COVID AND HAVANT U3A the u3a movement is aimed at those who are in their ‘third age’ and is represented in most cities towns and larger villages nationwide. it welcomes those who are no longer in full time employment but have a wealth of experience gained through a lifetimes of work and hobbies and who wish to join with others in a similar situation and share these experiences.this is achieved by joining or even starting special interest groups. in normal times the core of our programme is the monthly meeting where members come together to listen to an interesting speaker, to socialise and to catch up with the latest events in our u3a. these meetings are held in Bedhampton community centre on the 3rd thursday of the month at 2pm but as this is now impossible we use Zoom. using this medium we have continued with our meetings and recently have heard a fascinating talk by ruth wayne on ‘hope afloat- the work of the mercy ship and in november we heard all about the ffestiniog and welsh highland railways, past, present and future from stephen murfitt. looking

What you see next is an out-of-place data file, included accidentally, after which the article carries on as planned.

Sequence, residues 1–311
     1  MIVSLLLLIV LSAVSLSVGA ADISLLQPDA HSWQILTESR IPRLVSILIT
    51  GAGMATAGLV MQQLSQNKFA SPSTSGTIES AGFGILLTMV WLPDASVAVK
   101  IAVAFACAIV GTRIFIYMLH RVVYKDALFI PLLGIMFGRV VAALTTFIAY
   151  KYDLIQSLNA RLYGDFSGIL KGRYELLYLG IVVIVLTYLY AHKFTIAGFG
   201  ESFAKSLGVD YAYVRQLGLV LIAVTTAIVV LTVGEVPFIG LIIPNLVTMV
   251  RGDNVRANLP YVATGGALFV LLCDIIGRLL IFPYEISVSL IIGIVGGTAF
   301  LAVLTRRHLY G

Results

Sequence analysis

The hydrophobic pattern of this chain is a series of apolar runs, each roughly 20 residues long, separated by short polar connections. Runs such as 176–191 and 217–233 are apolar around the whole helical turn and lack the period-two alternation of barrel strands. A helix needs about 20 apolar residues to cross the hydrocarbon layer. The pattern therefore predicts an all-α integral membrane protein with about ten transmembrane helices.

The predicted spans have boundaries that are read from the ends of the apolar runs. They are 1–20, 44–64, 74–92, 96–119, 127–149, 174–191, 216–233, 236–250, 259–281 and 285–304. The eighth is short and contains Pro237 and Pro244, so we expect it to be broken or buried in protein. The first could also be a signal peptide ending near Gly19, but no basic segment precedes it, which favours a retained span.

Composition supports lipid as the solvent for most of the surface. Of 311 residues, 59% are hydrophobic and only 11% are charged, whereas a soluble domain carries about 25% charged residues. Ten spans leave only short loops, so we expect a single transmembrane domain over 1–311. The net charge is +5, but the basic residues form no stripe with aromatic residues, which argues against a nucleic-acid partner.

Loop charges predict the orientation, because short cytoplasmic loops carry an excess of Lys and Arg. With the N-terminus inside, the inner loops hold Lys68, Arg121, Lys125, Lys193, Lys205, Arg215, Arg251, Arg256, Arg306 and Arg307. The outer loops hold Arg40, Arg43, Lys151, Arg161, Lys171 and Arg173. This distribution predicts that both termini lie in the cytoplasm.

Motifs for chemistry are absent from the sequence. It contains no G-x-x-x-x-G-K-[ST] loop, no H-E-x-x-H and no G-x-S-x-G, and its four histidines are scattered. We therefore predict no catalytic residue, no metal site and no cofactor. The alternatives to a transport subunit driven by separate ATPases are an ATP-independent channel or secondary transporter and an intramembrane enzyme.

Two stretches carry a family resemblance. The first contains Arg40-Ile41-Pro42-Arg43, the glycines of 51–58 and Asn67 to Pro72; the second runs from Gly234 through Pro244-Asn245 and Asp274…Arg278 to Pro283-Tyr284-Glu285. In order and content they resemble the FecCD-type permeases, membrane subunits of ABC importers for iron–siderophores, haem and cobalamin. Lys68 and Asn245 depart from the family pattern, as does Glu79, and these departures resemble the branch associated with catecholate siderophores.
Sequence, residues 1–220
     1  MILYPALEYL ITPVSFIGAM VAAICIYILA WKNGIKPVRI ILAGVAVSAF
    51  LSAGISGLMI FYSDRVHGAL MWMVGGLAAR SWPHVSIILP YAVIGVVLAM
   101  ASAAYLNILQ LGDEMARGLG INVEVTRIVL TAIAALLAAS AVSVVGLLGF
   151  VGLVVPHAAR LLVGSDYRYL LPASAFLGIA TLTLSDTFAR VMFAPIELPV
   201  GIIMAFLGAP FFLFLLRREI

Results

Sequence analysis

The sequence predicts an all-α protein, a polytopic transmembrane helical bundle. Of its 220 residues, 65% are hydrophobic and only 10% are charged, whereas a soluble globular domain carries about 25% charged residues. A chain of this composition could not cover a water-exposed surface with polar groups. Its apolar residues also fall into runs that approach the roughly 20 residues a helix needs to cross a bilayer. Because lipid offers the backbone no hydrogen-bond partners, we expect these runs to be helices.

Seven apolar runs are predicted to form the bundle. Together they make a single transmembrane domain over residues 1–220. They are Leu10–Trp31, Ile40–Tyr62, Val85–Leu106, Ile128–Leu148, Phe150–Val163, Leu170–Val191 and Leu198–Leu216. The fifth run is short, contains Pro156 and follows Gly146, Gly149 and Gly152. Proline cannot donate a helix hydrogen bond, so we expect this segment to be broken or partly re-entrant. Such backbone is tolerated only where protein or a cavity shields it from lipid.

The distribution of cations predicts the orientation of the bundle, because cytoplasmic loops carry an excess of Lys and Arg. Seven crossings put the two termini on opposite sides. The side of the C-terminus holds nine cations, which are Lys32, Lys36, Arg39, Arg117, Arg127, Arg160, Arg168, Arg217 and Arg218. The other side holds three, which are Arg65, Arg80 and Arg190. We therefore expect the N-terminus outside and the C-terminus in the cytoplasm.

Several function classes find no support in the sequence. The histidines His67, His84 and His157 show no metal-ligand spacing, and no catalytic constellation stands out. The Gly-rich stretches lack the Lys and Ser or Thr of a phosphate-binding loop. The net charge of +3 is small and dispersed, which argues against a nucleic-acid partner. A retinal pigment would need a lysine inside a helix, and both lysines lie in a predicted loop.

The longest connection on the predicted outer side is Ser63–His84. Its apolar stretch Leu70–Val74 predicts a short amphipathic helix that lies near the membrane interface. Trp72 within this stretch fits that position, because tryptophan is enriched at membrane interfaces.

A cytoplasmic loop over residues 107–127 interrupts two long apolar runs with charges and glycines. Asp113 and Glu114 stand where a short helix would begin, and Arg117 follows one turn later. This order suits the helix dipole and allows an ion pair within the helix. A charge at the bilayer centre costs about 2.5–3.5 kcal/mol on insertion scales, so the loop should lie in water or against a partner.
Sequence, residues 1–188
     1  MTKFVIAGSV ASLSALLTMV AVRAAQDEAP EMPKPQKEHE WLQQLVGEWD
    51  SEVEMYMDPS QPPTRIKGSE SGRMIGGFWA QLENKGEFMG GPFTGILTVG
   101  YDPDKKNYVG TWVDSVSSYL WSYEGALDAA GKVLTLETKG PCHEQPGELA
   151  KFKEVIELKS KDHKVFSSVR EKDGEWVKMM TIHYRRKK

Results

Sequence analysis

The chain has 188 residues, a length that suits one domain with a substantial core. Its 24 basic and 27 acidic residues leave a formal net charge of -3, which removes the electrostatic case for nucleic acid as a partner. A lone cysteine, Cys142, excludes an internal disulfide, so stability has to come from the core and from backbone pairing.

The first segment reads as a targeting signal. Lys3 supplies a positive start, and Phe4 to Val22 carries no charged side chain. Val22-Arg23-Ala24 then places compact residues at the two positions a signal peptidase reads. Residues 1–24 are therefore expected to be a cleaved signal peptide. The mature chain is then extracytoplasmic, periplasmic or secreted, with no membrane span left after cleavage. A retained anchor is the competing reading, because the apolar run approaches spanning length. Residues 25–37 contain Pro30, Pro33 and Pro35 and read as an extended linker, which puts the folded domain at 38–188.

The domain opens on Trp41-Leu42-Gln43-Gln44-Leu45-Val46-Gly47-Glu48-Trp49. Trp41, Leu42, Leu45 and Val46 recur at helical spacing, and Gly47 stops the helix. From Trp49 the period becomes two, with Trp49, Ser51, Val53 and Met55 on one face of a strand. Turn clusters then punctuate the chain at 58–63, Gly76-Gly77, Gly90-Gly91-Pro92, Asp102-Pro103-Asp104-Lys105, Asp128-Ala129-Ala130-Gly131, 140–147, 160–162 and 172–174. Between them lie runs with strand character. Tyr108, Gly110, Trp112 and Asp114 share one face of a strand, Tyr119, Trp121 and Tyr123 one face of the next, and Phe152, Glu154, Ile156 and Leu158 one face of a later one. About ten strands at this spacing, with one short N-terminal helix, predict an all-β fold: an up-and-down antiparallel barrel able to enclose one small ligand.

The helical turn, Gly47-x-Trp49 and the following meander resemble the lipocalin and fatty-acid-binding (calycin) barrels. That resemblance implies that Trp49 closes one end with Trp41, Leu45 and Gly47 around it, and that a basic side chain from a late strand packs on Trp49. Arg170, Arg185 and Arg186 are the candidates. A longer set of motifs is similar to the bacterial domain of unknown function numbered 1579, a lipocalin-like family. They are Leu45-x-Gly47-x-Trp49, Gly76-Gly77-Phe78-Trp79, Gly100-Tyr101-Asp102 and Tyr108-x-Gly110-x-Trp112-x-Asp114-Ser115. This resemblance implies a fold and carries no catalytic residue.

afloat with the Bus group

forward we hope to continue in this way until that happy day arrives when normal service can be resume. we have thirty special interest groups which cover a wide range of specialities and interests, they are run by their members and are the life blood of the u3a movement. many of these groups have continued to function during lockdown by utilising, the facilities offered by Zoom. an illustration of this is the wine appreciation group issuing monthly newsletters and even using Zoom to continue with their monthly wine tasting sessions , the local history and the environment and technology groups which have attracted an increase in interest and our group convenors who have taken advantage of a Zoom tuition course.the aim of all groups is to have fun , learn and enjoy the pursuit of their interests. as well as these activities we would